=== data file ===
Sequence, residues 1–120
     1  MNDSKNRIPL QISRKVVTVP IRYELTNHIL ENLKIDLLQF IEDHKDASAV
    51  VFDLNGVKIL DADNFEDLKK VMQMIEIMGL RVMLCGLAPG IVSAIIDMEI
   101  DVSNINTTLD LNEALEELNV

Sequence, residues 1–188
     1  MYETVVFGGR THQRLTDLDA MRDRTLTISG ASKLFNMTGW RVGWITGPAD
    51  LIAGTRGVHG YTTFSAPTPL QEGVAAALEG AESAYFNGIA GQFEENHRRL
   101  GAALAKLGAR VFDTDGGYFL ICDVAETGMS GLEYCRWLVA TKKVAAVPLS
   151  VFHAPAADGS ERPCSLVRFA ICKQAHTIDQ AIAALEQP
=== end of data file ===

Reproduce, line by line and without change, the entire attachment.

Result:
Sequence, residues 1–120
     1  MNDSKNRIPL QISRKVVTVP IRYELTNHIL ENLKIDLLQF IEDHKDASAV
    51  VFDLNGVKIL DADNFEDLKK VMQMIEIMGL RVMLCGLAPG IVSAIIDMEI
   101  DVSNINTTLD LNEALEELNV

Sequence, residues 1–188
     1  MYETVVFGGR THQRLTDLDA MRDRTLTISG ASKLFNMTGW RVGWITGPAD
    51  LIAGTRGVHG YTTFSAPTPL QEGVAAALEG AESAYFNGIA GQFEENHRRL
   101  GAALAKLGAR VFDTDGGYFL ICDVAETGMS GLEYCRWLVA TKKVAAVPLS
   151  VFHAPAADGS ERPCSLVRFA ICKQAHTIDQ AIAALEQP